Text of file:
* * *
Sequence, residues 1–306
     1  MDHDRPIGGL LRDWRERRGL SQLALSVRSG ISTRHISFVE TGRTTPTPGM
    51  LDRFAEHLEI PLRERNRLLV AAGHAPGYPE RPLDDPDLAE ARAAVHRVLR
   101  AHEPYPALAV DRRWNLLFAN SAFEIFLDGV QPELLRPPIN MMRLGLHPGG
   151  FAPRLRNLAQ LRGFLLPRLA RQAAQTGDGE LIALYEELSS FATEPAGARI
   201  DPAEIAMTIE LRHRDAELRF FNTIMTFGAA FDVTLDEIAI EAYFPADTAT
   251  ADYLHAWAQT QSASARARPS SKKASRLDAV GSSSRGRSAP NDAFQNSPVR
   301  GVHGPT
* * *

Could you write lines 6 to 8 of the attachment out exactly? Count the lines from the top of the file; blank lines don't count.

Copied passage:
   201  DPAEIAMTIE LRHRDAELRF FNTIMTFGAA FDVTLDEIAI EAYFPADTAT
   251  ADYLHAWAQT QSASARARPS SKKASRLDAV GSSSRGRSAP NDAFQNSPVR
   301  GVHGPT